The fixes. The first critical step in fixing the problems was for the plant owner to bring a chemist onboard. The new hire convinced management to stop allowing the WTP to accept off-spec (very high turbidity) water and to stop sending out-of-spec demin water to the makeup tanks. To remove particulate matter that had worked its way through to the anion resin beds, the chemist initiated a regular backwashing program to remove it from the cation and anion resin vessels.
The second step was to introduce more monitoring around the plant for relevant chemical parameters—including turbidity and chlorine ahead of, and after, the multimedia filters, differential pressures across the resin beds, regeneration flows, and chemical concentrations.
Today, when monitors detect feed-water turbidity higher than the design basis of >10 NTU, management switches to the more expensive town water to supply Stage 2 trains until turbidity drops below the design value.
Because the Stage 2 demin-plant supplier filed for bankruptcy, the problem with the cation/anion rinse down was not resolved until after the audit. During the ensuing outage, the manhole plate on the cation vessel was removed and an inspection conducted. The resin was clean, but its level was significantly low. The combination of the loss of inert resin, which increased the freeboard volume, and the low regeneration flows used during the first step of the regen process, meant that the bed was fluidized during regeneration instead of being compacted.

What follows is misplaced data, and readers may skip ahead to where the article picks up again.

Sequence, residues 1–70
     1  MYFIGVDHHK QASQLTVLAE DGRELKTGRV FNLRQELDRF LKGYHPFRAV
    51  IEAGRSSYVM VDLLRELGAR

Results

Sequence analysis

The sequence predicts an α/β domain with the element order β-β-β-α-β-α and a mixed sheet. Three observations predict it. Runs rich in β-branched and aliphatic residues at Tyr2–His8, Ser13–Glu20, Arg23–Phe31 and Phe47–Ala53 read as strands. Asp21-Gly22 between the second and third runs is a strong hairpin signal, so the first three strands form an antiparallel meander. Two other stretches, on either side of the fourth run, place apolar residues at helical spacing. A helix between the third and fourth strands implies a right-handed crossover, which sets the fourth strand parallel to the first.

Problem was addressed by adding more strong-acid cation resin to the vessel. Fig A-2 charts the results. Follow-up actions included the replacement and addition of inert resin, as well as installation of resin traps on each vessel to detect any future resin losses.
Although the plant owner still does not have a complete performance management program in place, WTP performance has been improved by monitoring more parameters, conducting more inspections, and assuring accountability and communication of important issues.
Case history B: A success story
Site B was equipped with a 20-year-old conventional coal-fired plant and a new, small simple-cycle gas turbine requiring demineralized water injection. Planning for a 400-MW combined-cycle addition was underway. The site had experienced chemists and dedicated operators for the water treatment plant.
Demineralized water was monitored for conductivity and silica and the plant had a good history for recording problems and such operating information as train throughput volumes, resin change dates and volumes, and water consumption. The WTP had significant redundancy and operated the way designers had intended.